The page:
Empowering Science with Hawaiian Knowledge: Reflections on the 2018 Hawaiʻi Conservation Conference
I had the privilege of participating in a transformative session at the 25th annual Hawaiʻi Conservation Conference. This session, titled "Aʻohe pau ka ʻike i ka hālau ho ʻokahi: Advancing modern science with Hawaiian knowledge," was a remarkable journey into the fusion of modern science and ancient Hawaiian wisdom.
Conceived and organized by passionate ʻIke Wai students and post-docs, this session aimed to bridge the gap between traditional Hawaiian knowledge and contemporary science, with a focus on water sustainability—a core mission of the ʻIke Wai project. ʻIke Wai, meaning "knowledge" and "water," is a National Science Foundation-funded project dedicated to Hawaiʻi's water future. Comprising a diverse team of researchers, students, and educators, ʻIke Wai emphasizes culturally relevant problem-solving and community engagement.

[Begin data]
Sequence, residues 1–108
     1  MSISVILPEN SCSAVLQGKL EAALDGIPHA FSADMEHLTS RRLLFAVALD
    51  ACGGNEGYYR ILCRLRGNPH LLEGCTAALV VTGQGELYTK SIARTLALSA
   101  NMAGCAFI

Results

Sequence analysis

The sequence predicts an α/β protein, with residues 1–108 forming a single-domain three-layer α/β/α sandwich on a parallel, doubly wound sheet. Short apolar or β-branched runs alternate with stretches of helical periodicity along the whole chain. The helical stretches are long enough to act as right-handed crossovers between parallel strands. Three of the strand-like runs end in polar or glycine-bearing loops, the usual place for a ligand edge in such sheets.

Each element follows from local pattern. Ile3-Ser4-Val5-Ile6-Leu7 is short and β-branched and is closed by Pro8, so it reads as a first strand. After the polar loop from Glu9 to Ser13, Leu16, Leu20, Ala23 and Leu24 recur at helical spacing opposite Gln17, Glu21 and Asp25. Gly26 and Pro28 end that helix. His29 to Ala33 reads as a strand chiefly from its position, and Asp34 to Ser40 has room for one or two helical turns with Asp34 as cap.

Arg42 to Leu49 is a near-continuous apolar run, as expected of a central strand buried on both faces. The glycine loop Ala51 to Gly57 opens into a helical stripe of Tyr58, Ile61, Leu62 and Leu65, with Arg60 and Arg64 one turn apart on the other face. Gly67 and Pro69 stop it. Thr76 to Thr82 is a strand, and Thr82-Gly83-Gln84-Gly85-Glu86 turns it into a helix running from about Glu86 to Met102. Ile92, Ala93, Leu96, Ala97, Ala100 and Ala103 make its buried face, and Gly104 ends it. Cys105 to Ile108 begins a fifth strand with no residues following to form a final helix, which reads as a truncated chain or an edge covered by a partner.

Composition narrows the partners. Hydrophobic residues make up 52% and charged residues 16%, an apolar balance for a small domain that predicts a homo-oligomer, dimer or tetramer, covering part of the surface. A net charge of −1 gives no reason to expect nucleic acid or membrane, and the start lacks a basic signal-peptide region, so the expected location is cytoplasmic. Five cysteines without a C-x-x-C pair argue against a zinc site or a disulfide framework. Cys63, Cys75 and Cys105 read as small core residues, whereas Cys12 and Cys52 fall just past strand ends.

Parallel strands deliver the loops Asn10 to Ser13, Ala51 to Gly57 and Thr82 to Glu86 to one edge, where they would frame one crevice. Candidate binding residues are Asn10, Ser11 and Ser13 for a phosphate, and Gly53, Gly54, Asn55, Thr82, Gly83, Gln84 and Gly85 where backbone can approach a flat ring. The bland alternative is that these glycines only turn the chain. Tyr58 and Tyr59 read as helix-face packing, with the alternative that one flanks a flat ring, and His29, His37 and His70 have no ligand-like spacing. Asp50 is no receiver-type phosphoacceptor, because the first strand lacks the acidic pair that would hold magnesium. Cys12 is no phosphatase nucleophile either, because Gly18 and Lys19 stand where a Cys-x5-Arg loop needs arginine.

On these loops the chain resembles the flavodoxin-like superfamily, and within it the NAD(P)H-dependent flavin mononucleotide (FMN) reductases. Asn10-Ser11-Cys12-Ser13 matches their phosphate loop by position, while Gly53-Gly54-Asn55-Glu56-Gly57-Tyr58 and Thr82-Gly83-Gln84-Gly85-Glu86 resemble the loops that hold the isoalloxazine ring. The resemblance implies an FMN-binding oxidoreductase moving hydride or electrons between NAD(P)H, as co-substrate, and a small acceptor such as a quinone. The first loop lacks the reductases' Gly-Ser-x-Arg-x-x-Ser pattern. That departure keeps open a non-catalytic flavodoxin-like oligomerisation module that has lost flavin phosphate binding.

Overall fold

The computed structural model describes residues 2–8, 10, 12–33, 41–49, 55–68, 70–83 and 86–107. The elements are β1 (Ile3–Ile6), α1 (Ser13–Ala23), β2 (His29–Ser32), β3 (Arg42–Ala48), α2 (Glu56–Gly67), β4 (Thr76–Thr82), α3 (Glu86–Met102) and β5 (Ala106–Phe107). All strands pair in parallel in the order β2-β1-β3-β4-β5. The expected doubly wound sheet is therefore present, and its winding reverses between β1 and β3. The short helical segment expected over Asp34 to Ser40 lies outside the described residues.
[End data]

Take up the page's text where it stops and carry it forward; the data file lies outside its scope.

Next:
Our session showcased the positive impact of professional development on students' growth, collaboration, and sense of responsibility. I joined fellow speakers who emphasized the significance of traditional Hawaiian knowledge and place-based learning in shaping modern science and public policy.
In my talk, I shared the fascinating story of Meheanu, illustrating the microbial nitrogen cycle in Heʻeia fishpond and using dance videos to engage the public in scientific wonders. It was a powerful demonstration of how storytelling can bridge science and culture seamlessly. Graduate assistants Uʻilani Au, Paige Miki Okamura, and Kilika Bennett discussed the untapped knowledge within Hawaiian language newspapers, shedding light on historical weather events, climate patterns, water science, and sustainable stewardship. Okamura's revelation of detailed information about a previously unknown 1871 hurricane and its impact on hurricane policy underscored the foresight of our kupuna in preserving traditional knowledge.This session highlighted the transformative power of these newspapers as repositories of traditional knowledge.
This session celebrated our journey to protect and preserve our land, culture, and knowledge and is a testament to the enduring power of knowledge, culture, and collaboration in advancing science for a sustainable future.